Ubuntu – Is it safer to install two OSes on different hard drives or just different partitions?

dual-boothard drivepartitioning

If I dual boot install both Ubuntu and Windows, is it safer to install them on two different hard drives than different partitions on the same hard drive?

What risks may be involved? For example, one OS does not recognize the files of another OS. One OS accidentally wipes out the other OS by some system operations?

Best Answer

In general, they should leave each other alone. If you do the install correctly (Windows first, then Linux, as a rule, because Linux is more 'considerate'). As far as I am aware, there is no additional risk involved in sharing a drive.

Having said that, here are some gotchas to watch out for.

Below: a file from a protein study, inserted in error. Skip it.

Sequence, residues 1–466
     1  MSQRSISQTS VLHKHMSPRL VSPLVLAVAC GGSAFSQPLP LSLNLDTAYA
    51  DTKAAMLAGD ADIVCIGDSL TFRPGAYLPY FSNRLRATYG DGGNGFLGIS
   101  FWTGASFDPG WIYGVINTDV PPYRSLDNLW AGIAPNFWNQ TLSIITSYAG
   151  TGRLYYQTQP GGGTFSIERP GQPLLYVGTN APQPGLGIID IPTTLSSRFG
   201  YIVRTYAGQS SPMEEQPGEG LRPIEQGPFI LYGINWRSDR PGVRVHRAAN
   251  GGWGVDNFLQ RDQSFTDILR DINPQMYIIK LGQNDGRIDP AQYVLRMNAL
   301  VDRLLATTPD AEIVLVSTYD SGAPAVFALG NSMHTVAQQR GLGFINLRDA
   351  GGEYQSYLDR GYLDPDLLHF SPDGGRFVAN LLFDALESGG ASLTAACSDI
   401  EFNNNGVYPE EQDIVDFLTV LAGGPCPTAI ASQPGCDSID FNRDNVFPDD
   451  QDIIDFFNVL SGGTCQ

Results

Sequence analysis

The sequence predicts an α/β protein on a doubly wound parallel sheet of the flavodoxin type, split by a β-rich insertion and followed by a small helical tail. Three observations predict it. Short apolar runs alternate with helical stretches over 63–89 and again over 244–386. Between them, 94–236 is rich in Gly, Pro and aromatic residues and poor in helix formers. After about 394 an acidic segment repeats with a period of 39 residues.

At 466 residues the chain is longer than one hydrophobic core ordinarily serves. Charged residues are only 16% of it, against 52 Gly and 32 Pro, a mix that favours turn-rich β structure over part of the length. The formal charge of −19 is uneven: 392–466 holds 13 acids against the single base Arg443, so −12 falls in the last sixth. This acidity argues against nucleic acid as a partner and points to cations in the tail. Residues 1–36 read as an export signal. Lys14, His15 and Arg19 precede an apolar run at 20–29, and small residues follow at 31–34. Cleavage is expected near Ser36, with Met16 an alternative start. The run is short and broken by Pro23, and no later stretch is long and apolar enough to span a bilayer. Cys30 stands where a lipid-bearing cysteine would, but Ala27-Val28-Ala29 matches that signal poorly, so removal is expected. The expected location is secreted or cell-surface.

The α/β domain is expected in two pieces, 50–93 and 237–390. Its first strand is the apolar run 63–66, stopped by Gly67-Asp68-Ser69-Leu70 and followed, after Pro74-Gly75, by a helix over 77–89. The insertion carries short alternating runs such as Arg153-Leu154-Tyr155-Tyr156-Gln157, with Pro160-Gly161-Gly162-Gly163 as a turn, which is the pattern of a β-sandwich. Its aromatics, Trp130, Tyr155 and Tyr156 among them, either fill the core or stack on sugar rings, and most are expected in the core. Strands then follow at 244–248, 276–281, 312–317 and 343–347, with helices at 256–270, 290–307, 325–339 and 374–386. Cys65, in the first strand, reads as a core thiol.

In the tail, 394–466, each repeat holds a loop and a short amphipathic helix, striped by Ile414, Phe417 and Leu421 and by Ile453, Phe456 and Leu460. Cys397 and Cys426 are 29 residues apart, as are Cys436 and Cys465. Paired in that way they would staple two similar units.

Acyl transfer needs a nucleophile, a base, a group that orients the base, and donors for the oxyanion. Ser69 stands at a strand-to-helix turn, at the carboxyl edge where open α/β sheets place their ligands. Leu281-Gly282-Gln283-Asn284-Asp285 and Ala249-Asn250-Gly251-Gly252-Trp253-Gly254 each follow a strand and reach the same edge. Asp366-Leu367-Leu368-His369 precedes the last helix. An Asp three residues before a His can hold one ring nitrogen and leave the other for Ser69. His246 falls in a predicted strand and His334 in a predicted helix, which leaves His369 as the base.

1. Windows will not be able to see the contents of your Linux drive or partition, unless you install additional software. ext4fsd works for me.

  2. Shared storage partitions. If there is a partition which both OSes can see natively, meaning FAT32 or NTFS, then there can be issues with data loss. If Windows goes into hibernation, and another OS makes changes to the shared partition, Windows will tend to undo the changes when it is resumed. I recommend either external storage, or disabling hibernation on Windows, or both.

  3. UEFI. This is new with Windows 8. There are two types of firmware interface, BIOS (older) and UEFI (newer). Both operating systems need to be installed using the same one. You can find a much more in-depth explanation here.

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